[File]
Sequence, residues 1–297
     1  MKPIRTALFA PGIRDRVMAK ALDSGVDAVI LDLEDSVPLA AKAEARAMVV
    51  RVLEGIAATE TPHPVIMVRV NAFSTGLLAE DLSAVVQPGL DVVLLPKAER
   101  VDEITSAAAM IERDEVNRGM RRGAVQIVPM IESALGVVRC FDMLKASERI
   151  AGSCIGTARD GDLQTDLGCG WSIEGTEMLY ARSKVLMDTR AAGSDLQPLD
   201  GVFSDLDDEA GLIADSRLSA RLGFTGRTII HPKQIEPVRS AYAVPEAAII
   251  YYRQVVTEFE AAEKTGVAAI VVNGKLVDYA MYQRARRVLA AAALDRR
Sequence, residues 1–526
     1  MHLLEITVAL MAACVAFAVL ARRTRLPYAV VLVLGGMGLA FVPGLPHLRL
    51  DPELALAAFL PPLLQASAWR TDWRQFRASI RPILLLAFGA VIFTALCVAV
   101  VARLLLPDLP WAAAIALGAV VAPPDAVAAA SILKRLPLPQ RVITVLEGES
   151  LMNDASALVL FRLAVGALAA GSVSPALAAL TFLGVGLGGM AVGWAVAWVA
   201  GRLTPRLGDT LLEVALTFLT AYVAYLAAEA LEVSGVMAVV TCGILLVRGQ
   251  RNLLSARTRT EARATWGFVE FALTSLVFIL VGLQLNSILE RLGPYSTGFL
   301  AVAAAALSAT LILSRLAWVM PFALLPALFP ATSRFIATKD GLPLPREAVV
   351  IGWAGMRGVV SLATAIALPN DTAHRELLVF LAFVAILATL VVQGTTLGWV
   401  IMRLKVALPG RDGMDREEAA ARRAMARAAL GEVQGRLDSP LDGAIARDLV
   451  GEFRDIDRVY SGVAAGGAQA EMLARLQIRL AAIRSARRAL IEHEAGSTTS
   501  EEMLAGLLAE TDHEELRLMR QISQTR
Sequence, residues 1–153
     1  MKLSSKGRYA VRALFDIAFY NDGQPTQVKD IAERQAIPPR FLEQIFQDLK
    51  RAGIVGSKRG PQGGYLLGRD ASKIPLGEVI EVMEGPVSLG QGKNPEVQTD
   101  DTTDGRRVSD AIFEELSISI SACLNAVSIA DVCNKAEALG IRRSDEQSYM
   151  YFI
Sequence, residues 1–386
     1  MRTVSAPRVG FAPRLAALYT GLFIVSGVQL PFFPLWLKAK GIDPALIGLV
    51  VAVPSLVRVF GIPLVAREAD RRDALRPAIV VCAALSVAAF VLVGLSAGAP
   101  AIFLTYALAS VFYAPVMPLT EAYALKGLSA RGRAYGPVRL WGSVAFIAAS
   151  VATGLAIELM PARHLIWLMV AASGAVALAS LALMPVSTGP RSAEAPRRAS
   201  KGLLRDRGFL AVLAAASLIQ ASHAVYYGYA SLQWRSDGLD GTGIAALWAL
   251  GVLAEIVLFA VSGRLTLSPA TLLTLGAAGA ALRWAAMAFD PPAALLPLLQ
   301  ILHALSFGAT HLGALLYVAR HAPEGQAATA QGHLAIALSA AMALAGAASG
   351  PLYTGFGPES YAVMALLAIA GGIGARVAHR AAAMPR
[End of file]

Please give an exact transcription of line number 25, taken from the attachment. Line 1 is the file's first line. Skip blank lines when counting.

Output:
Sequence, residues 1–386